IN The First Circle, Alexander Solzhenitsyn has political prisoners in Stalin’s gulag tell a story about Moscow’s hellish Butyrka prison. One day, a young captain takes the emaciated inmates of cell 72 to a version of paradise. Barbers spray them with eau de Cologne, laundresses dress them in silk and chefs provide them with their first decent meal in years. When they go back, they find the authorities have painted their cell in bright colours. Previously forbidden books and packets of cigarettes are scattered around the room. In place of the four-gallon slop bucket is a gleaming toilet.
The prisoners cannot understand their good fortune until the guards usher in a ‘Mrs R’, an American ‘lady of great shrewdness and progressive views’ who is clearly meant to be Eleanor Roosevelt. The governor tells her that they are not dissidents but rapists and murderers the Communist party of the Soviet Union in its magnanimity has decided to rehabilitate rather than execute. She does not ask to inspect any of the other cells and leaves, ‘convinced of the falsehood of the allegations spread by malicious scaremongers in the West’.
As soon as she has gone, the prisoners’ lice-infested rags and four-gallon slop bucket return.
The Communist party of China has beautified Beijing for the Olympics. The Organising Committee for the games has ordered one million cars from the road and told factories to shut down, so foreigners will believe that one of the most polluted cities on earth can hold ‘the green Olympics’.
The president of the Olympic Committee gabbled his appreciation. Jacques Rogge, a sports’ bureaucrat who appears to have learnt nothing from the 20th century, lauded China’s ‘extraordinary’ efforts. The statistics proved the authorities had done everything that ‘was humanely possible’, and the statistics never lie.
Greenpeace, so harsh on democratic countries, was as excessive in its praise. After registering a few reservations, it declared the dictatorship’s work was ‘tremendous’ and ‘positively unique’. Beijing was providing ‘important lessons to other Chinese cities’.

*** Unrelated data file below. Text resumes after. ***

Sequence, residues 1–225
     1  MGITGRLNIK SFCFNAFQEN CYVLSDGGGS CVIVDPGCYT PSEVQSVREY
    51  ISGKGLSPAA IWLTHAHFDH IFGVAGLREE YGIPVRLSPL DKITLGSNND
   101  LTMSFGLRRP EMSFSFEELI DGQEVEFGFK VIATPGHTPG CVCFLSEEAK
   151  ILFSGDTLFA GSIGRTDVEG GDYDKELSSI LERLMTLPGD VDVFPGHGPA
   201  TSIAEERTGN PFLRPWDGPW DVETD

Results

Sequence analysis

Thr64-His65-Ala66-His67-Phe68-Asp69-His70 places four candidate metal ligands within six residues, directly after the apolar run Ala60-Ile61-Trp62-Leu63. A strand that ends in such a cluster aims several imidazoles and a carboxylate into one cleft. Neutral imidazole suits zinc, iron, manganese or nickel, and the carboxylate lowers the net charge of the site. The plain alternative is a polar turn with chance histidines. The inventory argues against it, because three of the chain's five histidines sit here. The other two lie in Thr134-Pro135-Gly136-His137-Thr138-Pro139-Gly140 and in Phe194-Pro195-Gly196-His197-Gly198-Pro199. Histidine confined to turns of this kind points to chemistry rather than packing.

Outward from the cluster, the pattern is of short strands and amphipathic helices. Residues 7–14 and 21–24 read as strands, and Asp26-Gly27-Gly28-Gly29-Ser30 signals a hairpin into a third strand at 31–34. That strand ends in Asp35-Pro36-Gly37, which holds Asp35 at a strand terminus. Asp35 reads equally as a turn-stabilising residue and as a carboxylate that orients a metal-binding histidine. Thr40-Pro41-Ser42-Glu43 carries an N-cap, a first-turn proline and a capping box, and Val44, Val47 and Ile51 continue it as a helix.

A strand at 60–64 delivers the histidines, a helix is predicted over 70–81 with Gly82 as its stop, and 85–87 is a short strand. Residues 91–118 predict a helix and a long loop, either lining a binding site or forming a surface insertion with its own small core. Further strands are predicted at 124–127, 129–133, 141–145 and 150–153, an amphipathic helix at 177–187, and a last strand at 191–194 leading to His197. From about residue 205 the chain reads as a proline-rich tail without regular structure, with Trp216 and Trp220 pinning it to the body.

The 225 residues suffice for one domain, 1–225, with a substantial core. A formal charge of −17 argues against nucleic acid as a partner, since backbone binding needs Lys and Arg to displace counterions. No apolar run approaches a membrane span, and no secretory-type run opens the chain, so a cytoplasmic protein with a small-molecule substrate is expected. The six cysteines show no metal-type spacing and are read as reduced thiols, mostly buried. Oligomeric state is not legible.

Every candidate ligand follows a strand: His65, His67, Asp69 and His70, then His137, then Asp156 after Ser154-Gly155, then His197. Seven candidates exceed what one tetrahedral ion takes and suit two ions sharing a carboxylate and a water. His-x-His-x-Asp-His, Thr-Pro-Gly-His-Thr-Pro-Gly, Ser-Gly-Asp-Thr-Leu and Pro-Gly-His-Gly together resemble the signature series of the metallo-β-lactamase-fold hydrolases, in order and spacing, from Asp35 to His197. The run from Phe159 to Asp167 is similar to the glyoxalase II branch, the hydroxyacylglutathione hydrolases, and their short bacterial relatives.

The eyebrows of Jonathan Fenby, who has just published The Penguin History of Modern China, shot up at that. When the games are over, the factories will reopen, he said. The Olympics will have secured a few long-term benefits – more homes and workplaces will burn gas rather than coal – but when set against China’s vast pollution problem these gains will be tiny.
As every serious writer knows, the legitimacy of the dictatorship rests on its ability to deliver ever-rising living standards now that its Marxism is dead. Environmental concerns will always be trumped by the party’s survival instinct. Thus, President Hu Jintao reverses a programme to close coal mines. He has to, an official tells Der Spiegel, because China’s inefficient industries ‘need seven times the resources of Japan, almost six times the resources of the US and almost three times the resources used by India’. Thus, when the leaders of the G8 announce a wish to halve greenhouse gas emissions by 2050, Hu and India’s leaders see a plot by the rich West to handicap Asian rivals and refuse to accept the target.